My vision of a culture of innovation rests on the assumption that some people are good at operational execution, others are good at ideas. You shouldn’t assign operations people to abstract idea work, nor should you rely on idea people for day-to-day operations. With that in mind, building a culture of innovation means hiring idea people and assigning them to radical innovation projects.

I’m painting with broad strokes here. Obviously, great ideas can come from anywhere – and anyone. But certain types of people thrive in experimental, creative, highly unstructured environments. These are the sorts of folks you want on your innovation squad.

It’s often best to sequester these innovators so they can probe and test and create without being hampered by operational demands or core business constraints. Depending on the size of your organization, you might consider setting up an innovation lab, perhaps off-campus and away from current organizational influences.

To a certain extent, these free spirits should be viewed like internal consultants, academic researchers, or scientists. As such, they need a high degree of autonomy. Otherwise, they’ll struggle to unlock the kind of breakthroughs that impact the long-term prosperity of your business. They also need permission to fail. This, of course, requires you to adapt your palate to the bitter taste of investing in dead-end experiments.

But bear in mind, a failed experiment is not the same as an innovation disaster. If you employ well-designed procedures for vetting radical ideas in their nascent stages and beyond, you’ll hedge against such calamity. I’d suggest implementing the gated pass-fail process for this.

Follow a ‘gated’ vetting process

A gated process entails setting well-defined gates, or benchmarks, through which an innovation must pass as you gauge its market viability. For each gate, you set specific, detailed pass-fail criteria. If an idea fails to satisfy the criteria of a particular gate, then it does not move forward. In fact, the idea might be worth scrapping at that point.

A gate must be clear but needn’t be complex. Safeway, for instance, could have set a gate during the Theranos trial run stipulating that all the blood tests must yield accurate results within a fixed margin of error.

Without a doubt, gated processes help mitigate risk when making big innovation bets. But they are wholly ineffective if you ignore the results they generate. This is arguably what happened at Safeway.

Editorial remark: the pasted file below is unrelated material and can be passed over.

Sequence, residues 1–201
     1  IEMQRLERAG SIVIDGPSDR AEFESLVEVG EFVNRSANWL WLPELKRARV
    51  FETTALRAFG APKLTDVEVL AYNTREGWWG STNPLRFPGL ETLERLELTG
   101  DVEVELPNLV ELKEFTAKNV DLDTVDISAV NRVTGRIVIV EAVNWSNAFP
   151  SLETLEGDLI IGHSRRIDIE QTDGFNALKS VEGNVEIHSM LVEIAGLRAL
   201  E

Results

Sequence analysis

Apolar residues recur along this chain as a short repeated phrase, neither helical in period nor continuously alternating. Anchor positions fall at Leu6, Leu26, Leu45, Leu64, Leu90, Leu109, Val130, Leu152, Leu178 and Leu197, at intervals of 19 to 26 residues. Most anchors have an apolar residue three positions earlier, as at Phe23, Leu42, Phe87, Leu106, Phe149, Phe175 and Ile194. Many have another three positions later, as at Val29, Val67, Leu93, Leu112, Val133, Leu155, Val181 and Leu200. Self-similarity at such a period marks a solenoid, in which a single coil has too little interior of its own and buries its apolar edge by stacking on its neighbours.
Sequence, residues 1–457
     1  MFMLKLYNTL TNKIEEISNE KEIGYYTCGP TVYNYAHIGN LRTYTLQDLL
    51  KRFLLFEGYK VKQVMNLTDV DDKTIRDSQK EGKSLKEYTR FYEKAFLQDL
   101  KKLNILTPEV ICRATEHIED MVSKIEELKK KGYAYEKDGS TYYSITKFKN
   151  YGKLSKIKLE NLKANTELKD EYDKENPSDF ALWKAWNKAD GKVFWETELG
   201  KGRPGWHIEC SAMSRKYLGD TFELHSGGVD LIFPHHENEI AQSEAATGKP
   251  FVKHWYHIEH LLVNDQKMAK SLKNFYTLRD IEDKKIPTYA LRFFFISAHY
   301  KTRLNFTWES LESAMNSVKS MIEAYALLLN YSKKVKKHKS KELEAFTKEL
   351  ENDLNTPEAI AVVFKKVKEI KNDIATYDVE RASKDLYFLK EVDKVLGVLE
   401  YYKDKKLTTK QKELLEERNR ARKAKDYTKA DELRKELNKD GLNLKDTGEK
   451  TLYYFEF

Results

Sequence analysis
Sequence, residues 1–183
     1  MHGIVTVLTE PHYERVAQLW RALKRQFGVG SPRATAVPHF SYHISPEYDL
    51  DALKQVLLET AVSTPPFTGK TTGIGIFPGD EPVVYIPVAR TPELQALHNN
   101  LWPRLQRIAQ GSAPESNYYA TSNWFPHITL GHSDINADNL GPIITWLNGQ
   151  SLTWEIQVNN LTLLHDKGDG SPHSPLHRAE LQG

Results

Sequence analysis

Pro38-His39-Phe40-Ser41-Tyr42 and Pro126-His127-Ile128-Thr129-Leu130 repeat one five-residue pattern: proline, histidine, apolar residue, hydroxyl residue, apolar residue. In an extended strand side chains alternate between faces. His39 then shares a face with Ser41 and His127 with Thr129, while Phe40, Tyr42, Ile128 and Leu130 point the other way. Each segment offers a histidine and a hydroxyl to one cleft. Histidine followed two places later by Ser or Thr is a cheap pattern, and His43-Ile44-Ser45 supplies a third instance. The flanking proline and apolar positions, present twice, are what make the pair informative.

Before going live with the wellness clinics, Safeway did something akin to a beta test. As a part of this, Theranos performed its blood tests at an employee health clinic at Safeway’s headquarters. Kent Bradley, the Chief Medical Officer (CMO) of Safeway Health, oversaw the beta run. (As an aside, Safeway Health was a subsidiary spun out of an initiative Burd led to reduce the company’s skyrocketing employee healthcare costs.)

While observing the trial, Bradley noticed some alarming patterns that suggested the Theranos devices were seriously flawed. Perhaps the most disturbing example was when a senior Safeway executive took a Theranos test indicating he more than likely had cancer. As was the case for several other employees, when the executive sought a second opinion from a conventional lab, his results came back normal.

Bradley collected these red flags and eventually presented them to Burd. But it was too late – Theranos had already ensnared the long-time CEO, and he ignored the warning.

If the preliminary test at Safeway represented a pass-fail gate, then the radical Theranos innovation clearly failed. In which case, the wellness project should have been halted.

Gated processes make it easier to measure an idea’s feasibility. But they can only help you make good decisions if you set aside your cognitive biases and obey the process. Easier said than done.

Adhering to a discipline of innovation

It’s impossible to predict the future. You can use every tool and procedure for evaluating radical innovations and still end up making the wrong move. Moreover, you can be self-aware about the cognitive biases you tend to harbor and slip into them all the same.

The 10 percent rule, culture of innovation concept, and gated pass-fail process reduce the chances of that happening. And for that reason, they’re worth practicing.

In the end, Burd’s fatal mistake was in assuming that Theranos’s Holmes operated with the same level of integrity as he did. Still, a rigorous discipline of innovation could have snatched him out of the lion’s jaws. Or at least kept its teeth from sinking in so deep.

James Markarian is chief technology officer at SnapLogic, a Silicon Valley data and application integration company. He is former CTO of Informatica and previously held leadership roles at Khosla Ventures and Oracle.